Learning Theories

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Learning Theories by Mind Map: Learning Theories

1. Cognitivism

1.1. Atkinson-Shiffrin Memory Model

1.1.1. Sensory Memory

1.1.2. Short Term Memory

1.1.3. Long Term Memory

1.2. Working memory has replaced short term memory: Students will learn better through doing, and memorizing, the individual steps, cementing the information into long term memory.

1.2.1. Scaffolding: Providing supports that are gradually lessened as the student gains mastery of the task.

1.2.2. Schema: building on what the student already knows to teach them the whole conncept.

1.3. In Teaching: scaffolding definitely has its benefits, however, it does not take into account students who do not need to be scaffolded to complete a task. Students who have mastered the task without the scaffolding become students who are left behind in the class because they need to wait for the scaffolding of the other students to take place. If all students are participating in the scaffolding you have the same problem of students who master each task quickly become bored with class and lose motivation.

2. Behaviourism

2.1. Classic Conditioning - Pavlov

2.2. Stimulus Response (Repetition)

2.3. Operant Conditioning (Reinforcement)

2.4. Rewards and Punishments. Consequences for actions

2.5. Teacher directed learning environment. Direct lecture instruction

2.6. Practices: Modeling, shaping, cuing, drilling, and practice

2.7. Criticism: Learning is not always tied to behaviours, learning does not require rewards or punishments; does not allow for intrinsic motivations for learning.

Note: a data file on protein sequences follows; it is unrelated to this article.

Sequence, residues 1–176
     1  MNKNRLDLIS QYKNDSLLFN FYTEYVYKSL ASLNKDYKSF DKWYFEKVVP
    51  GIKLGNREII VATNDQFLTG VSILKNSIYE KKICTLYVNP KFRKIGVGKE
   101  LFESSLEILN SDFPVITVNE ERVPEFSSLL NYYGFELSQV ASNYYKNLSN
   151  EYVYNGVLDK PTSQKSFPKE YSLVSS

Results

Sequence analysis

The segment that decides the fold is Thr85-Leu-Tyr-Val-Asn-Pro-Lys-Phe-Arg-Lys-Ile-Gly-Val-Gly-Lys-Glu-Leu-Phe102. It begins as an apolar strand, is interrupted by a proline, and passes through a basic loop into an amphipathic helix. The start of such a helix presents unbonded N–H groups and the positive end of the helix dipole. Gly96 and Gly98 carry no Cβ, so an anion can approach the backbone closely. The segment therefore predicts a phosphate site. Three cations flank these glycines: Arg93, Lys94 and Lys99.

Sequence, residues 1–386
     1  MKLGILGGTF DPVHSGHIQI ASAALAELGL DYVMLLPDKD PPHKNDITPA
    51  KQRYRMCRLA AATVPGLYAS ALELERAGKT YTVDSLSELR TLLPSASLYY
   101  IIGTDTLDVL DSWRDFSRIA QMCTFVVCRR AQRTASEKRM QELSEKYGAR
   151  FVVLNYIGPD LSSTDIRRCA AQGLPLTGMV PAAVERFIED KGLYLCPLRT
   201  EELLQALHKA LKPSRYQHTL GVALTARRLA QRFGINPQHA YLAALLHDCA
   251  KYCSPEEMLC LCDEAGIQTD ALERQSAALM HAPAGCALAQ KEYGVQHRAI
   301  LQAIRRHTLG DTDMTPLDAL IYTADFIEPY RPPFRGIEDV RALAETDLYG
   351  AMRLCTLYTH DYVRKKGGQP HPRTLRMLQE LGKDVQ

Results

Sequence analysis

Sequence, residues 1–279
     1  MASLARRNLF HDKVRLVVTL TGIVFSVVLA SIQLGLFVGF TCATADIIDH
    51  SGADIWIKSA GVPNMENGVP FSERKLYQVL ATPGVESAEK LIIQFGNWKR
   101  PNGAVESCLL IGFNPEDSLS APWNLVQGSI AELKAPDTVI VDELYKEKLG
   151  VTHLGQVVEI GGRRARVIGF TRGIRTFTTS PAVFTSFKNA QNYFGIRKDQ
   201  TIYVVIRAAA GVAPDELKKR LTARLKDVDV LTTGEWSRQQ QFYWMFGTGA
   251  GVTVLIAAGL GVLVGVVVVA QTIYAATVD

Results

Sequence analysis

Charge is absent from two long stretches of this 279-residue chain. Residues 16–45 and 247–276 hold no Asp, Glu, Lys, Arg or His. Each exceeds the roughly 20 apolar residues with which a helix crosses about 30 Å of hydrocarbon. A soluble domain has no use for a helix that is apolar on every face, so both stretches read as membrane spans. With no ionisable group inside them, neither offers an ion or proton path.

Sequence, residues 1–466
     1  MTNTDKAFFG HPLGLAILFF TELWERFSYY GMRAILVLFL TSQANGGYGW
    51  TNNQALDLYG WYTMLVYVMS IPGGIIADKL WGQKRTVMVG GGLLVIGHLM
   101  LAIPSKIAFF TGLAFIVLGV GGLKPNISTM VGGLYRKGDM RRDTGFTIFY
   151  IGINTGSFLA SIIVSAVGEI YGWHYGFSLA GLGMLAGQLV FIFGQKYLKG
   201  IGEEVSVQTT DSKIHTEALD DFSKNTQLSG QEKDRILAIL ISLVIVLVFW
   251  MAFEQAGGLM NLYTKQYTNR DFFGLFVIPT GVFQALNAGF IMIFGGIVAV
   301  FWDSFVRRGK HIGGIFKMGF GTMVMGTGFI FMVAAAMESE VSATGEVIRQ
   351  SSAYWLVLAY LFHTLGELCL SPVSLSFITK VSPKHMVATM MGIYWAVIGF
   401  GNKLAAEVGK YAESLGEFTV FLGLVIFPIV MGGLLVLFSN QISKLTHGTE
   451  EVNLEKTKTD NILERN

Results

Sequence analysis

2.8. In Teaching: behaviours are too complicated to be controlled in the classroom environment, this, along with considerations for culture and classroom management, makes behaviourism, on it’s own, a theory which must be used sparingly.

3. Connectivism

3.1. Key Theorists: George Siemens and Stephen Downes, 2006

3.1.1. Situational Analysis / Drivers

3.1.1.1. What is driving us to do this?

3.1.1.2. SWOT Analysis

3.1.1.2.1. Strengths

3.1.1.2.2. Weaknesses

3.1.1.2.3. Opportunities

3.1.1.2.4. Threats

3.1.1.3. Customer Findings - What have we learned from customers?

3.1.2. Competitive Analysis

3.1.2.1. Do we have competitors and threats in these target markets with the proposed offerings?

3.1.2.2. What are our competitors doing and how are they positioning?

3.1.2.3. How do we position against each competitor?

3.1.3. Target Customer(s)

3.1.3.1. Buyer Profile

3.1.3.1.1. Title

3.1.3.1.2. Industry

3.1.3.1.3. Geography

3.1.3.1.4. Business Size

3.1.3.2. Influencer Profile

3.1.3.3. User Profile

3.1.3.4. What do customers want and need?

3.1.3.5. What business problems do each of these customers have?

3.1.4. Customer Segmentation

3.1.4.1. Which customers or sets of customers do we sell to?

3.1.4.2. What are the target market segments that we want to go after?

3.1.4.3. What are the distinct problems for each segment of the market?

3.1.5. Total Available Market

3.1.5.1. New Prospects